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Original Investigation |

Comparison of Weight Loss Among Named Diet Programs in Overweight and Obese Adults:  A Meta-analysis FREE

Bradley C. Johnston, PhD1,2,3,4; Steve Kanters, MSc5,6,7; Kristofer Bandayrel, MPH1,4; Ping Wu, MBBS, MSc6; Faysal Naji, BHSc8; Reed A. Siemieniuk, MD9; Geoff D. C. Ball, RD, PhD10,11; Jason W. Busse, DC, PhD3,12,13; Kristian Thorlund, PhD3,7,14; Gordon Guyatt, MD, MSc3; Jeroen P. Jansen, PhD7,15; Edward J. Mills, PhD, MSc7,14
[+] Author Affiliations
1Hospital for Sick Children Research Institute, Toronto, Ontario, Canada
2Institute of Health Policy, Management and Evaluation, University of Toronto, Toronto, Ontario, Canada
3Department of Clinical Epidemiology and Biostatistics, McMaster University, Hamilton, Ontario, Canada
4Department of Anesthesia and Pain Medicine, Hospital for Sick Children, University of Toronto, Toronto, Ontario, Canada
5School of Population and Public Health, University of British Columbia, Vancouver, Canada
6Faculty of Health Sciences, University of Ottawa, Ottawa, Ontario, Canada
7Redwood Outcomes, Vancouver, British Columbia, Canada
8Michael G. DeGroote School of Medicine, McMaster University, Hamilton, Ontario, Canada
9Department of Medicine, University of Toronto, Toronto, Ontario, Canada
10Department of Pediatrics, University of Alberta, Edmonton, Canada
11Department of Agricultural, Food and Nutritional Science, University of Alberta, Edmonton, Canada
12Michael G. DeGroote Institute for Pain Research and Care, McMaster University, Hamilton, Ontario, Canada
13Department of Anesthesia, McMaster University, Hamilton, Ontario, Canada
14Stanford Prevention Research Center, Stanford University School of Medicine, Stanford University, Stanford, California
15Department of Public Health and Community Medicine, Tufts University, Boston, Massachusetts
JAMA. 2014;312(9):923-933. doi:10.1001/jama.2014.10397.
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Published online

Importance  Many claims have been made regarding the superiority of one diet or another for inducing weight loss. Which diet is best remains unclear.

Objective  To determine weight loss outcomes for popular diets based on diet class (macronutrient composition) and named diet.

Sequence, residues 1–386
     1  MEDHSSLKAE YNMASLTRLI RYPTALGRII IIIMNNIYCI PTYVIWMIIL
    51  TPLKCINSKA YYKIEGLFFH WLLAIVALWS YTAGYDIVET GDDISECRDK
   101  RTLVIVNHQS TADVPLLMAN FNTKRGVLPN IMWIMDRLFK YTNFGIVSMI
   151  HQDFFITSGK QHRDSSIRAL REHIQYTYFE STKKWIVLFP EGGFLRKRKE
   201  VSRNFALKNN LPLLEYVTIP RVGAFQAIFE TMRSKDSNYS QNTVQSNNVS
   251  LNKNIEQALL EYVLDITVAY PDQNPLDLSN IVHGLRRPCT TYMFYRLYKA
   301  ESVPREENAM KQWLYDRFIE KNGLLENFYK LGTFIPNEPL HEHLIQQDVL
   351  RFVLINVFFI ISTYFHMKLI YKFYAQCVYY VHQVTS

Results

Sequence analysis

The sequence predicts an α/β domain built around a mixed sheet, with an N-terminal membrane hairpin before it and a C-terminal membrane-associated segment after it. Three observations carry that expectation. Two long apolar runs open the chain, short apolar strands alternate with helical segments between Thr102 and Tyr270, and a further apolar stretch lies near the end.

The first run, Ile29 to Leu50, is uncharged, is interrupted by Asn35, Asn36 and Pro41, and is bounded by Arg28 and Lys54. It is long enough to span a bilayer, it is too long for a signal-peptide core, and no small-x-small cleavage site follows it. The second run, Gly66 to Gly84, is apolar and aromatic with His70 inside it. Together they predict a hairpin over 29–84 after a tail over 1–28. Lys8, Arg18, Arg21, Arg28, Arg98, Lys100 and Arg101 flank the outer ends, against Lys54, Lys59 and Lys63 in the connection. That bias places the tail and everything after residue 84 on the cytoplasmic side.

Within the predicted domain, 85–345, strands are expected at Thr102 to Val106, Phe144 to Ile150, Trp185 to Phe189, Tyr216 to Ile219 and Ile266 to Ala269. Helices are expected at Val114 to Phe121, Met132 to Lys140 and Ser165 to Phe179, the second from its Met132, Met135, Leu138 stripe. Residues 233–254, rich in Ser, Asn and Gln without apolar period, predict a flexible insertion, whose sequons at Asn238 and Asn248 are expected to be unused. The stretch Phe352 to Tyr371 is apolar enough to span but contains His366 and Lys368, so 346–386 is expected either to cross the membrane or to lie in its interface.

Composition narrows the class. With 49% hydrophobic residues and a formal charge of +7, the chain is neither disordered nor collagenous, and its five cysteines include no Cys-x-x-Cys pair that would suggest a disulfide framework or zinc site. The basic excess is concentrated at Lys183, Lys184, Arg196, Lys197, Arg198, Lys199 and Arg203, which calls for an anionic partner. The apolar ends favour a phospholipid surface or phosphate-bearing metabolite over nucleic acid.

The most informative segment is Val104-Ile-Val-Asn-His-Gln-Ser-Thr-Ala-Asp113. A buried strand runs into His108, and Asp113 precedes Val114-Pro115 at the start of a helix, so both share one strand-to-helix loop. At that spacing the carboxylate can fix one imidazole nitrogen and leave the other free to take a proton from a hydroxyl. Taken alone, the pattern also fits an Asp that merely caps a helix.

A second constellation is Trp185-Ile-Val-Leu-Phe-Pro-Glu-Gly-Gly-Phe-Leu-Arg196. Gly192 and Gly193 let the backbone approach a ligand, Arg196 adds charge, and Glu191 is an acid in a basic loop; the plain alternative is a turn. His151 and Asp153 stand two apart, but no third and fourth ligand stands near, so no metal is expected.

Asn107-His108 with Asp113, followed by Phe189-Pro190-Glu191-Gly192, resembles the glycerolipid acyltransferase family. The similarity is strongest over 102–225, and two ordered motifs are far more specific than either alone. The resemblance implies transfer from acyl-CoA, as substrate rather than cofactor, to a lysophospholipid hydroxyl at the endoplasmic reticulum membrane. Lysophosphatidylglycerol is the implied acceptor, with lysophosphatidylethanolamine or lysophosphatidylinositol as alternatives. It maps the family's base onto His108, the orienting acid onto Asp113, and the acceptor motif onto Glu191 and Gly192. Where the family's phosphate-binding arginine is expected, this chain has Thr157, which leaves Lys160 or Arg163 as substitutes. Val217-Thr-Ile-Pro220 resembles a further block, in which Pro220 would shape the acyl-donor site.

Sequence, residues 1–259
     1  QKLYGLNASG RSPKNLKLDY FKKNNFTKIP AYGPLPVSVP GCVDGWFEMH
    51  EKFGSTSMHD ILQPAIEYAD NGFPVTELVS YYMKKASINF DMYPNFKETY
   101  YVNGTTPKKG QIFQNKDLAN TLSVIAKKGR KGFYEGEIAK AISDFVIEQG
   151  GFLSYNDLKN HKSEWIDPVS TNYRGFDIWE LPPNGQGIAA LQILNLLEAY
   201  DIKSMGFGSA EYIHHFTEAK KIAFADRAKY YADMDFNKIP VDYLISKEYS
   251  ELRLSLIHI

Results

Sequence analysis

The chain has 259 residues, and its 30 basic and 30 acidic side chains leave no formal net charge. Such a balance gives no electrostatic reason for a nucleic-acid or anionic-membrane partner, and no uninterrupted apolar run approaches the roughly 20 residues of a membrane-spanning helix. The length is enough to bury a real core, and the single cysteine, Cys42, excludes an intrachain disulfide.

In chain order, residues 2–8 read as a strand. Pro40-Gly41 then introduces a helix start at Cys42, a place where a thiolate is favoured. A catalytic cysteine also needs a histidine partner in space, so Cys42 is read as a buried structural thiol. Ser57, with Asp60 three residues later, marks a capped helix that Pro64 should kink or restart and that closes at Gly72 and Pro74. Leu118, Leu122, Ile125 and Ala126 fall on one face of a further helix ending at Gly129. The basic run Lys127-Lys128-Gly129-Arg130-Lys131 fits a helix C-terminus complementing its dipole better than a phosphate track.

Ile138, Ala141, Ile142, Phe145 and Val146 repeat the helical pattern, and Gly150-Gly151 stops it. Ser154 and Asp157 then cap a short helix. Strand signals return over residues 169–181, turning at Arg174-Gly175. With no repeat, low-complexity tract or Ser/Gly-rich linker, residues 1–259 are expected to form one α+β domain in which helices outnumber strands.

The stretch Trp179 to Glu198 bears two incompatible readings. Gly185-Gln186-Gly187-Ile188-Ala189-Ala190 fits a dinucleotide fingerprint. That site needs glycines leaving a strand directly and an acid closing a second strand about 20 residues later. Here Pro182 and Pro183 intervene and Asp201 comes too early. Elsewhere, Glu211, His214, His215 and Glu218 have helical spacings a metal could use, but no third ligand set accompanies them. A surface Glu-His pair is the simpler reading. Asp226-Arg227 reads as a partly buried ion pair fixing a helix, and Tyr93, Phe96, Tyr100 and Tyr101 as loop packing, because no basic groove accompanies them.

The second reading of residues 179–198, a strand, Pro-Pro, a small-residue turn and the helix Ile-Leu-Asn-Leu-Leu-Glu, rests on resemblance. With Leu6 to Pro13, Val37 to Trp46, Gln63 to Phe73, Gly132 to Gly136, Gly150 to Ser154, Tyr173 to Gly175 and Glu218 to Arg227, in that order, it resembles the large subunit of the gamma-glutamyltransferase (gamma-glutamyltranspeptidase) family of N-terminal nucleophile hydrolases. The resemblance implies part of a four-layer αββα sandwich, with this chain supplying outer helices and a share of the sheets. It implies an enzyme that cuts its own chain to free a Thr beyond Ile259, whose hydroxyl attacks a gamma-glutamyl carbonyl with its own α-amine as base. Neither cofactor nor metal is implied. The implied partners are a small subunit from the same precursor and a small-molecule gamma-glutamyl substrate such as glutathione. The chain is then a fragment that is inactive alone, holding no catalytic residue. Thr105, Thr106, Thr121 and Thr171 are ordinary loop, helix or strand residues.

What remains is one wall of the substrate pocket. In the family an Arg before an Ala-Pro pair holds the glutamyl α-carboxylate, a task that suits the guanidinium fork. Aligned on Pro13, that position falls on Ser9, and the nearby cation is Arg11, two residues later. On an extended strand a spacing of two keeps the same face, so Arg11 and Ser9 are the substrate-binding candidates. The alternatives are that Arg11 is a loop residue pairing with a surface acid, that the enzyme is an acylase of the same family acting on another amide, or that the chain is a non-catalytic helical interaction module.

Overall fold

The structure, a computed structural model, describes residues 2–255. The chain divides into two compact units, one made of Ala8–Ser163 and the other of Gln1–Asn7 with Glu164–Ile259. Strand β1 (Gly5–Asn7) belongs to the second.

Data Sources  Search of 6 electronic databases: AMED, CDSR, CENTRAL, CINAHL, EMBASE, and MEDLINE from inception of each database to April 2014.

Study Selection  Overweight or obese adults (body mass index ≥25) randomized to a popular self-administered named diet and reporting weight or body mass index data at 3-month follow-up or longer.

Data Extraction and Synthesis  Two reviewers independently extracted data on populations, interventions, outcomes, risk of bias, and quality of evidence. A Bayesian framework was used to perform a series of random-effects network meta-analyses with meta-regression to estimate the relative effectiveness of diet classes and programs for change in weight and body mass index from baseline. Our analyses adjusted for behavioral support and exercise.

Main Outcomes and Measures  Weight loss and body mass index at 6- and 12-month follow-up (±3 months for both periods).

Results  Among 59 eligible articles reporting 48 unique randomized trials (including 7286 individuals) and compared with no diet, the largest weight loss was associated with low-carbohydrate diets (8.73 kg [95% credible interval {CI}, 7.27 to 10.20 kg] at 6-month follow-up and 7.25 kg [95% CI, 5.33 to 9.25 kg] at 12-month follow-up) and low-fat diets (7.99 kg [95% CI, 6.01 to 9.92 kg] at 6-month follow-up and 7.27 kg [95% CI, 5.26 to 9.34 kg] at 12-month follow-up). Weight loss differences between individual diets were minimal. For example, the Atkins diet resulted in a 1.71 kg greater weight loss than the Zone diet at 6-month follow-up. Between 6- and 12-month follow-up, the influence of behavioral support (3.23 kg [95% CI, 2.23 to 4.23 kg] at 6-month follow-up vs 1.08 kg [95% CI, −1.82 to 3.96 kg] at 12-month follow-up) and exercise (0.64 kg [95% CI, −0.35 to 1.66 kg] vs 2.13 kg [95% CI, 0.43 to 3.85 kg], respectively) on weight loss differed.

Conclusions and Relevance  Significant weight loss was observed with any low-carbohydrate or low-fat diet. Weight loss differences between individual named diets were small. This supports the practice of recommending any diet that a patient will adhere to in order to lose weight.

Figures in this Article

Named or branded (trade-marked) weight loss programs are broadly available to the general public, providing structured dietary and lifestyle recommendations via popular books and in-person or online behavioral support. These programs represent a multibillion dollar industry.1 Debate regarding the relative merit of the diets is accompanied by advertising claiming which macronutrient composition is superior, such as a low-carbohydrate diet being better than a low-fat diet, and the benefits of accompanying lifestyle interventions. Establishing which of the major named diets is most effective is important because overweight and obese patients often want to know which diet results in the most effective weight loss.

Some physiological explanations regarding the merits of different macronutrient compositions, including variable genetic response to diets with different recommended dietary fat intake, make intuitive sense.2,3 Low-carbohydrate diets may drive weight loss due to a higher intake of protein, which may induce a stronger satiating effect than fats and carbohydrates.4